Outstanding Young Alumni Award recipient honoured for impact on Indigenous communities

Brennor Jacobs (BA ’19) has spent most of his professional life helping to preserve Indigenous culture and language.

The 30-year-old of the Oneida Turtle Clan is the 2021 recipient of Brock University’s Outstanding Young Alumni Award, which is one of several annual awards granted by the Brock University Alumni Association.

Jacobs first became involved with creating adult literacy programming and materials for Indigenous learners while he was studying at Brock. In his second year of Business Communications, he took a summer job with Turtle’s Back Publishing, a division of the Ontario Native Literacy Coalition, to create a workbook for the Mohawk language.

“I was enthralled to be able to share my language and culture and bring to light some of the misunderstandings of my culture within both Indigenous and non-Indigenous communities,” he said.

Throughout his third and fourth year of studies, he continued his role and developed additional language workbooks for the Oneida and Anishinaabe languages.

After graduating from Brock in 2019, Jacobs had the idea to create a small resource booklet on lacrosse, a sport that has deep roots in many Indigenous cultures and within Jacob’s own family and community.

As he researched the game and interviewed players, the original concept for a 50-page resource guide evolved into a book.

“I heard from people who were affected emotionally and spiritually by lacrosse — how they experienced an emotional release each time they played the game,” he said.

As Jacobs’ interest grew and he interviewed more players, he realized his new vision was too much work for one person. He invited his cousin Brendan Bomberry, a professional lacrosse player, to join him on the project.

The duo interviewed nearly 70 former and current lacrosse players and influencers from around the world, as well as Indigenous elders. The result was a 437-page book titled Akhwatsirehko:wa My Big Family that explores how lacrosse has impacted people emotionally, intellectually and spiritually.

“Lacrosse isn’t a mainstream or highly celebrated sport like others we see on TV, so whenever people get together to play, it feels like family,” he said.

“In my culture, we call lacrosse the medicine game. In the book, we explore how that medicine — that power within the game — affects people who play the game.”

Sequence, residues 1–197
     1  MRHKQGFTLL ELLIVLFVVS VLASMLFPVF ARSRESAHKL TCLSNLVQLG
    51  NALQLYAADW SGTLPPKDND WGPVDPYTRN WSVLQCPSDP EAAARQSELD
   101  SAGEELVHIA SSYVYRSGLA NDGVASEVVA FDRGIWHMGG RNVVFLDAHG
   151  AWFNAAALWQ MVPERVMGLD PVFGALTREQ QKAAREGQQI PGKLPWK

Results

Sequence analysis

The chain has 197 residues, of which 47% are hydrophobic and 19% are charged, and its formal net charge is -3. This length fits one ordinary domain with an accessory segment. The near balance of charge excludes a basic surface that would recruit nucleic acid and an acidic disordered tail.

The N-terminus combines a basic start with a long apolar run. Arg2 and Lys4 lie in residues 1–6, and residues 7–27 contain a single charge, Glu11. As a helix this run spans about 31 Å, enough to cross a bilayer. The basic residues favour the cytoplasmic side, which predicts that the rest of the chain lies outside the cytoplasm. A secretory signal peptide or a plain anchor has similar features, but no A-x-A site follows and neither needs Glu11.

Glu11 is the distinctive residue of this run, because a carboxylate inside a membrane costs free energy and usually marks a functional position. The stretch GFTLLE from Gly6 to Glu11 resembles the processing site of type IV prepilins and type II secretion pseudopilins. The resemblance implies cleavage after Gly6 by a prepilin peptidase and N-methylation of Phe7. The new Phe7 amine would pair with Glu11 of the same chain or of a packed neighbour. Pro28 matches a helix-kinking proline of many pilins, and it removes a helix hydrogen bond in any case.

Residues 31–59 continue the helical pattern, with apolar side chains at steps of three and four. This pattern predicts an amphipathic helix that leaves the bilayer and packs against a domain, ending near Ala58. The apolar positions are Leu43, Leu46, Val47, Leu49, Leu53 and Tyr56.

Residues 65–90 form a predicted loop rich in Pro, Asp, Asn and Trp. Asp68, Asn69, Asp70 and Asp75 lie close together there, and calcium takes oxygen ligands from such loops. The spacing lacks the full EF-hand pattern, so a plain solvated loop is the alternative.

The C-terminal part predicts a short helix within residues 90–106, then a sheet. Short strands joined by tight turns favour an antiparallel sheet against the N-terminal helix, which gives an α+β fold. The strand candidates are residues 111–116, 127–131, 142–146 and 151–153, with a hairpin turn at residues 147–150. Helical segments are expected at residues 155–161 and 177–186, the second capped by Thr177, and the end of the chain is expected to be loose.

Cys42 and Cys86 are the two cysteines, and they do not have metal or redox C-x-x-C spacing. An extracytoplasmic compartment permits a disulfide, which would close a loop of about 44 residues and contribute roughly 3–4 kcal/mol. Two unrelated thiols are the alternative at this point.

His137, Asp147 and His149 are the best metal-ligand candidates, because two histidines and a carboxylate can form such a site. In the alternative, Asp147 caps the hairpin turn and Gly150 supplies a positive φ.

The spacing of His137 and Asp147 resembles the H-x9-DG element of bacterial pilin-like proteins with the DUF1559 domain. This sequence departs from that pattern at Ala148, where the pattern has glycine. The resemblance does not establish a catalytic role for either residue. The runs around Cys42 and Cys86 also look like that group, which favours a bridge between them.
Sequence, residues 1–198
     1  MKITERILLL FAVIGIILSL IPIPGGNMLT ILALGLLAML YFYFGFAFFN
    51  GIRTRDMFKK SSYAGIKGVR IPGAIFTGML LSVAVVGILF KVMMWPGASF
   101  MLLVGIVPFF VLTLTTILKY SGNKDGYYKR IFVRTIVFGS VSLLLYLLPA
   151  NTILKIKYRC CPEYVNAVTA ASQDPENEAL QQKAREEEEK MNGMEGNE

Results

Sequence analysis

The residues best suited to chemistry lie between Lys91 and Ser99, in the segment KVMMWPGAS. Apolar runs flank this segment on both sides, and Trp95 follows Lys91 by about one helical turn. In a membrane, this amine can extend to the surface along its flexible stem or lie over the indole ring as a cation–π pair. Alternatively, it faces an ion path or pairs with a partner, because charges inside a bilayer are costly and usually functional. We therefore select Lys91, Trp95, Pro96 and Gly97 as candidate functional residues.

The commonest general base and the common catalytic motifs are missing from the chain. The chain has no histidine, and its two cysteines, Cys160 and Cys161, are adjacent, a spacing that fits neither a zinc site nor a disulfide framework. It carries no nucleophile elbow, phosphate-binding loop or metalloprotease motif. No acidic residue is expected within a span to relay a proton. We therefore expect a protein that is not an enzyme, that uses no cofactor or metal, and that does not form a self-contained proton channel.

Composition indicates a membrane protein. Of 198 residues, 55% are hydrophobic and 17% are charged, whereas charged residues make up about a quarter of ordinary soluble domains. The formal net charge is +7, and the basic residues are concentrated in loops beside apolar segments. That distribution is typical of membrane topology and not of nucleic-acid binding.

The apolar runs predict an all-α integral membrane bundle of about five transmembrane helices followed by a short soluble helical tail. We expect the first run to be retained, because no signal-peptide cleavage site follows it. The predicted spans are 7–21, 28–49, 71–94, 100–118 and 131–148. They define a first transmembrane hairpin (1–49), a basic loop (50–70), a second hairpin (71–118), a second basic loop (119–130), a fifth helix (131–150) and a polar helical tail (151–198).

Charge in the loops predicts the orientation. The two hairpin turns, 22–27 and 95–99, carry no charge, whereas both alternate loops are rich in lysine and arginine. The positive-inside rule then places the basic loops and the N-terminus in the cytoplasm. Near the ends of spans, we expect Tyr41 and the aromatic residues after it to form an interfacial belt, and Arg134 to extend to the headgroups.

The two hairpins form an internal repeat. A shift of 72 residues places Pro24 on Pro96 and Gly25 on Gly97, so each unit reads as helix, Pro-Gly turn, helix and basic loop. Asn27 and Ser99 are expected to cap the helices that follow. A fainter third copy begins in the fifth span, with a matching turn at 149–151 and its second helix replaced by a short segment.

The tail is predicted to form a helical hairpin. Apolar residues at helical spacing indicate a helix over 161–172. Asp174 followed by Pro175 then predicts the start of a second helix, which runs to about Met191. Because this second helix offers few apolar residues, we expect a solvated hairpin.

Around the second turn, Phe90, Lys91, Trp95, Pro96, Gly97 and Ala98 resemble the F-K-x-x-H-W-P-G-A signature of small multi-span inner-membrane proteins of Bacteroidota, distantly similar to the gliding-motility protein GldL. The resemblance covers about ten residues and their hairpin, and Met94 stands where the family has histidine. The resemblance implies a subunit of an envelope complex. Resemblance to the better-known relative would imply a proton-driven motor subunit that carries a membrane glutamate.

Growing up, lacrosse provided opportunities for Jacobs to travel internationally for tournaments and to meet new people. Lacrosse was also one way his goalie father taught him about their culture.

Sadly, Jacobs’ father passed away last year while he was still writing the book.

“My dad showed me the game and taught me all these little aspects about my culture,” said Jacobs. “(When he died,) I re-evaluated what the game meant to me and tried to bring together some of these aspects into the book.”

Earlier this year, Akhwatsirehko:wa My Big Family was recognized internationally. It won the Mind, Body and Spirit category of the 2021 Next Generation Indie Book Awards — the largest international awards program for independent authors and publishers.

Jacobs is proud his book has received such accolades and is grateful to be honoured with Brock University’s 2021 Outstanding Young Alumni Award.

“I really hope it inspires more Indigenous people to reach for their highest goals and achieve their best life,” he said.

He said that sharing aspects of his culture through his book and his work with creating adult literacy programs for Indigenous communities across Ontario has been an empowering experience.

Jacobs plans to continue promoting his book and work, and has recently turned his attention to creating digital literacy programs for Indigenous learners.

“There’s a lot of Indigenous people who haven’t had the same opportunities and resources as I have — even to get a secondary school diploma,” he said. “I think it’s really important to make these learning opportunities easier for people to access.”

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